Moreover, although the African market is very promising in many respects: a young population, a rising demography, real market opportunities where demand often exceeds supply, however, there are currently many challenges.

We can mention the cost of access to connectivity, which remains often too high in most of our countries even if significant efforts have been made. We can also mention the gap in the training of our youth. While short coding courses abound, it is clear that these courses will never replace the curriculum of engineers, of which our continent is sorely lacking.

Defining its own codes

This decline in financing for African tech can also be an opportunity for African tech actors to define their own codes based on the experiences of the last decade. The idea here is not to reinvent the wheel but to assert to VCs what makes the specificity of the African tech ecosystem.

I am aware that Kenya is not Senegal and that Côte d’Ivoire is not South Africa. However, the challenges faced by African tech ecosystems have a common denominator.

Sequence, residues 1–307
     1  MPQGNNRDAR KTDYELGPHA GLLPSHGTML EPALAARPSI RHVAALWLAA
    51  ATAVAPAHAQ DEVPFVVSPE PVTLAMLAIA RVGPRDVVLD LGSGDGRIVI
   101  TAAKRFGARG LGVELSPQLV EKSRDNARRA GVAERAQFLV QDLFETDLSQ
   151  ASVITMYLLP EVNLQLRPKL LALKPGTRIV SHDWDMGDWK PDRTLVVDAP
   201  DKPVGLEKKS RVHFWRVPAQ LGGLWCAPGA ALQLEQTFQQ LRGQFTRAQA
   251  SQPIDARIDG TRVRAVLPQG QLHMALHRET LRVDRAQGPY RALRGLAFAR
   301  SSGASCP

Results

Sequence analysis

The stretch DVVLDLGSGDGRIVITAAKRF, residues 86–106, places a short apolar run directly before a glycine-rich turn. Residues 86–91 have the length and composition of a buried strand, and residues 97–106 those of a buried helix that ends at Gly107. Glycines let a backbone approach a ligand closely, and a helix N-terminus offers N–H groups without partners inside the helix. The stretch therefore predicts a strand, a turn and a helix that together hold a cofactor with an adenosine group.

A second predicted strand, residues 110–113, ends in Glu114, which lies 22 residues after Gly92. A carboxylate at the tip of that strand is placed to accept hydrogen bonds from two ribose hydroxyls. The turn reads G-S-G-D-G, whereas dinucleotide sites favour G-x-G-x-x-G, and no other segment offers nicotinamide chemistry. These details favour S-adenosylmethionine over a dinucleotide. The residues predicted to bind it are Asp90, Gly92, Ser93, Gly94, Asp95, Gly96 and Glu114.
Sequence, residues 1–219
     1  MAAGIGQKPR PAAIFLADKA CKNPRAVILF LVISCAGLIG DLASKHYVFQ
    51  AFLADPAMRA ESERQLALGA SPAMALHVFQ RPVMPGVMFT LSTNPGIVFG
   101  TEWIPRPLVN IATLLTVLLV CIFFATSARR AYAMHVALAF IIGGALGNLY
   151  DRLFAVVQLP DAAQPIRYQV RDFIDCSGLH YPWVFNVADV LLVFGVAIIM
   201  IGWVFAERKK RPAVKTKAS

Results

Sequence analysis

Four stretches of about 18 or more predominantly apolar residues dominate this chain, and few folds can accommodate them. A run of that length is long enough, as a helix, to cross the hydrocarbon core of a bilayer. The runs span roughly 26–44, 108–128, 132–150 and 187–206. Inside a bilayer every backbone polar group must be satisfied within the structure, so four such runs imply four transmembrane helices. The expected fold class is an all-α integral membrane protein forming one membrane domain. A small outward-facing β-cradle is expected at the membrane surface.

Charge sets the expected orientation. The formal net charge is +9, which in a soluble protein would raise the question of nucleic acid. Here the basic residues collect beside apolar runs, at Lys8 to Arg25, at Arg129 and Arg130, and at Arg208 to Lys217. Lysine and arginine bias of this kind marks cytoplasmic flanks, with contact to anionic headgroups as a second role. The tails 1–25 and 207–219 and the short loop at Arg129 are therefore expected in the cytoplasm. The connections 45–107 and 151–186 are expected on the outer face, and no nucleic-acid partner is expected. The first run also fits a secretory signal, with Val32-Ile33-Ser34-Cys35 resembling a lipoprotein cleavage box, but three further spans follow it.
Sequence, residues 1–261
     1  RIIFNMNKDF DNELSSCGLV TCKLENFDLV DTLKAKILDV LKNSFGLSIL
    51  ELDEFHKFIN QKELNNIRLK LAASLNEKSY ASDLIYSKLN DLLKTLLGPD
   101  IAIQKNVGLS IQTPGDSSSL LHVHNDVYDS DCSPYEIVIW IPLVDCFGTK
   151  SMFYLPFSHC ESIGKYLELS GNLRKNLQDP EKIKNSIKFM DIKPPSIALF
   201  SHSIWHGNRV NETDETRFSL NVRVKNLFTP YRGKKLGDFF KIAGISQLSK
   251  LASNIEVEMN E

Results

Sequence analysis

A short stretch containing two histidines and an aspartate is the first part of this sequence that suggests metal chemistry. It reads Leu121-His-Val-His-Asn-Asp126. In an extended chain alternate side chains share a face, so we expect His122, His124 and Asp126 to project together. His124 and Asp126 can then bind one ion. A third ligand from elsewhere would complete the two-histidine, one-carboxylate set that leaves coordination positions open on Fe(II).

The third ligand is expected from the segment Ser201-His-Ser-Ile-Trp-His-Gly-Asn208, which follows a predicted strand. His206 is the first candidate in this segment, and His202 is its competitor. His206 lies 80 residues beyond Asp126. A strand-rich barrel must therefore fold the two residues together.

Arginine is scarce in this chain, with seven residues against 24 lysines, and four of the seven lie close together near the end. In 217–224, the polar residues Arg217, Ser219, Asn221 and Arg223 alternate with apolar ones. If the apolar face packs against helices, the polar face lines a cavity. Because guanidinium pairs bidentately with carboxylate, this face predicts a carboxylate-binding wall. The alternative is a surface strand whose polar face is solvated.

Thus, for example, I can propose as a specific criterion the ability of the startup, not only to create employment but above all to train young people continuously throughout the life of the startup. Training young people remains the real challenge that our continent must overcome if we want to accelerate to achieve our goals. That’s why from my point of view, startups have an important role to play in this regard.

I can also cite as a strong criterion to be implemented in the appropriation of the startup concept on our continent, the encouragement of our daughters, our sisters in this sector of tech currently dominated by young men. Efforts are being made but from my point of view, they are too scattered and not concentrated enough to bring about the impact as we wish.

Call to Africans living on the continent as well as the diaspora to invest massively not only in the technology sector but especially in African SMEs

I cannot finish this column without calling on Africans living on the continent as well as the diaspora to invest massively not only in the technology sector but especially in African SMEs.

In the collective consciousness, investment necessarily means a large sum and remains in the domain of multinationals or wealthy individuals. Nothing could be further from the truth!